I'm presently reading Free Culture (online version here), Lawrence Lessig's articulate defense of the ever-shrinking public cultural arena. We are living through a cultural enclosure movement, with property rights fences going up all over the place. I wrote more comments here. His comments in Chapter 2 on weblogs and blogging relate, I think, to recent Mo-blog discussions about religion and public discourse here and here and here. Here's what Lessig wrote:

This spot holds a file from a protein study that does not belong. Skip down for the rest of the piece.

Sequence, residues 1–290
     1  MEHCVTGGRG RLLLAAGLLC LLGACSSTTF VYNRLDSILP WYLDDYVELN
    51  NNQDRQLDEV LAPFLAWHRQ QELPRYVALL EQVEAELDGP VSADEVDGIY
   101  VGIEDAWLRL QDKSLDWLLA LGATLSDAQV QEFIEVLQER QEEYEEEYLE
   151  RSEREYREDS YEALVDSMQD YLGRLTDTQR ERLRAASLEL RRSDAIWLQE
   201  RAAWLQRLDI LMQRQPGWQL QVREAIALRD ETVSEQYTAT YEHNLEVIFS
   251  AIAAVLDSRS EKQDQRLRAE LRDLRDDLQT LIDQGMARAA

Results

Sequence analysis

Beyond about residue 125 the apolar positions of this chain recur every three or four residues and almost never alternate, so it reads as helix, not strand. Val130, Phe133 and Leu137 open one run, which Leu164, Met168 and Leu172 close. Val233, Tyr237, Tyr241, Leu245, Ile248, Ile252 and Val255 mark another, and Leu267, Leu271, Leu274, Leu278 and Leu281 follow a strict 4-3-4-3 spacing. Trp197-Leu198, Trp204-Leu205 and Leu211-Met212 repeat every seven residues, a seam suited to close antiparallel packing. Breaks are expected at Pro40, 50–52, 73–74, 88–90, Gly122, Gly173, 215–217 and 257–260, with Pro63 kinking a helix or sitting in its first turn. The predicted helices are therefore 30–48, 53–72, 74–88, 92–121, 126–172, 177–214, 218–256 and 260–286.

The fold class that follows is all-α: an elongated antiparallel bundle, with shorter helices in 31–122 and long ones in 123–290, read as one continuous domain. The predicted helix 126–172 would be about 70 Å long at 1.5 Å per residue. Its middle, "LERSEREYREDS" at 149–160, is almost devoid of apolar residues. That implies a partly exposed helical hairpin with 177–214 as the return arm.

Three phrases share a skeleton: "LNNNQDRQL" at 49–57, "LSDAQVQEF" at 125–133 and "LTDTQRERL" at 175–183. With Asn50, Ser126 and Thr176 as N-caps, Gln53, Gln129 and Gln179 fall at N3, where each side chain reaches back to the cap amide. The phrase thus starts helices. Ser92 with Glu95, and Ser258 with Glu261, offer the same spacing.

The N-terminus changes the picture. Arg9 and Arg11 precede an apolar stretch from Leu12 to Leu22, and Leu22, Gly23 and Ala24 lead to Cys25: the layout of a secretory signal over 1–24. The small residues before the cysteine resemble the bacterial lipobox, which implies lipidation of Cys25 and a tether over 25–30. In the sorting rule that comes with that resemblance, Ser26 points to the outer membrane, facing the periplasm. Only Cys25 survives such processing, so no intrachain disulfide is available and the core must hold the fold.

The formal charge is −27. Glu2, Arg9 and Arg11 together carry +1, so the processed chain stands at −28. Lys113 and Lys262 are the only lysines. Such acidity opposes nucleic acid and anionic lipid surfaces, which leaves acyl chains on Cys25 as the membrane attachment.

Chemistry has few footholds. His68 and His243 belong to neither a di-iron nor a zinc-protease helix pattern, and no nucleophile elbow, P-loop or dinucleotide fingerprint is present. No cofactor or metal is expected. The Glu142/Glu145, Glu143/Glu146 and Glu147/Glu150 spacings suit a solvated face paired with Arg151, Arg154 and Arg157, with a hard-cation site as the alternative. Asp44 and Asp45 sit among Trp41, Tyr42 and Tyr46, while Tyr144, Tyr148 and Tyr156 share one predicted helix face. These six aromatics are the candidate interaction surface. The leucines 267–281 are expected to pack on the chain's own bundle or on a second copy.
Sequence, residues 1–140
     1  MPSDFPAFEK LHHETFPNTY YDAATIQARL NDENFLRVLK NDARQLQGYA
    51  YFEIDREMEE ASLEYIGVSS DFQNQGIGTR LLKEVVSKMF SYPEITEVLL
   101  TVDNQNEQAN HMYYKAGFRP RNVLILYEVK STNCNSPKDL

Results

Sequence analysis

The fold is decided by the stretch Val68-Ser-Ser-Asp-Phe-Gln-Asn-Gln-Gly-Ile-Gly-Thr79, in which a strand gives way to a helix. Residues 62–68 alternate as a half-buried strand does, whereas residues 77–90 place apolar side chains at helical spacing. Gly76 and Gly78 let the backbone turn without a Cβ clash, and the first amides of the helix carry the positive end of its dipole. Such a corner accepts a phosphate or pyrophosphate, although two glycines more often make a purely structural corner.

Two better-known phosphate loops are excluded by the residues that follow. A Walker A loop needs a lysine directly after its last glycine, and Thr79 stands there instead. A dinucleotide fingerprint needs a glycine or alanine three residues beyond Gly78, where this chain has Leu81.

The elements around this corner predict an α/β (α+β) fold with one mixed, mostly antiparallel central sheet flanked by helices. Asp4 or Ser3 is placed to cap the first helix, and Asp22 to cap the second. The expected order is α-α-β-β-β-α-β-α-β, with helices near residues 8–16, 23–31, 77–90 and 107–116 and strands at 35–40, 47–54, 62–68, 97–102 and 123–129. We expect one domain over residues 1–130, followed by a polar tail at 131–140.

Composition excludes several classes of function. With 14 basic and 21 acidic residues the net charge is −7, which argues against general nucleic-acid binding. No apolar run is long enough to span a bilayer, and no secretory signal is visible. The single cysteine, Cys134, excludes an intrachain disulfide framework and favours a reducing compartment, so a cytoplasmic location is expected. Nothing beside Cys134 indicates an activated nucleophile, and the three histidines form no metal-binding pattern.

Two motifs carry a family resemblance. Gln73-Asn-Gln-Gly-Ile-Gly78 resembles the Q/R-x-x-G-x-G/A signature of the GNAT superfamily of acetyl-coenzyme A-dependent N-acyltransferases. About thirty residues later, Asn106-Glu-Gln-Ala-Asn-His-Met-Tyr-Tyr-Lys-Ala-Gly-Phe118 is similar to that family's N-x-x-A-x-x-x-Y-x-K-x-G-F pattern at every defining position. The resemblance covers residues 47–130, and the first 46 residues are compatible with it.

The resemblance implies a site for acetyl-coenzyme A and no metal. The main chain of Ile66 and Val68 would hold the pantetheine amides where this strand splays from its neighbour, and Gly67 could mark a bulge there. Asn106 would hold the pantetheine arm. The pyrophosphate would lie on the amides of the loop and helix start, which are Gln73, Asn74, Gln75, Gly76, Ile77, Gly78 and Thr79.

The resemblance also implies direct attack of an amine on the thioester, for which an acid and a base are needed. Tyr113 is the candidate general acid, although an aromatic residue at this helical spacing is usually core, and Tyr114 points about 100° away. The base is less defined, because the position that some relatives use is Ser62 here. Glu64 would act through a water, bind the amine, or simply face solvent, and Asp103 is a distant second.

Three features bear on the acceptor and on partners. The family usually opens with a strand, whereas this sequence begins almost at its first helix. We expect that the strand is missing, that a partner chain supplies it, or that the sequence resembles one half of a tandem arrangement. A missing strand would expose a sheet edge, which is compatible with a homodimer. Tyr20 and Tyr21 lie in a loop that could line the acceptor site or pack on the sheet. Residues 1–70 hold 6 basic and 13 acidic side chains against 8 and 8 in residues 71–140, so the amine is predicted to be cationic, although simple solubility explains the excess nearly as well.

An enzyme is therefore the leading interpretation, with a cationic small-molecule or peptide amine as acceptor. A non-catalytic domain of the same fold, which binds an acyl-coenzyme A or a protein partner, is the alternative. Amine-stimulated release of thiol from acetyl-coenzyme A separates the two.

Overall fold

[I]n the United States, blogs have taken on a very different character [than in Japan]. There are some who use the space simply to talk about their private life. But there are many who use the space to engage in public discourse. Discussing matters of public import, criticizing others who are mistaken in their views, criticizing politicians about the decisions they make, offering solutions to problems we all see: blogs create the sense of a virtual public meeting, but one in which we don't all hope to be there at the same time and in which conversations are not necessarily linked. The best of the blog entries are relatively short; they point directly to words used by others, criticizing with or adding to them. They are arguably the most important form of unchoreographed public discourse that we have.Nice summary of what goes on in the Mormon blogosphere, a form of unchoreographed public religious discourse concerning a church that hates unchoreographed discourse. If you go read his chapter, the comment about blogging being "arguably the most important form" of discourse seems more reasonable. So is Mo-blogging the most important form of unchoreographed Mormon discourse? Small universe; it might be the only form of unchoreographed Mormon discourse. IMO, it's only a matter of time before this medium generates a policy response from the Church.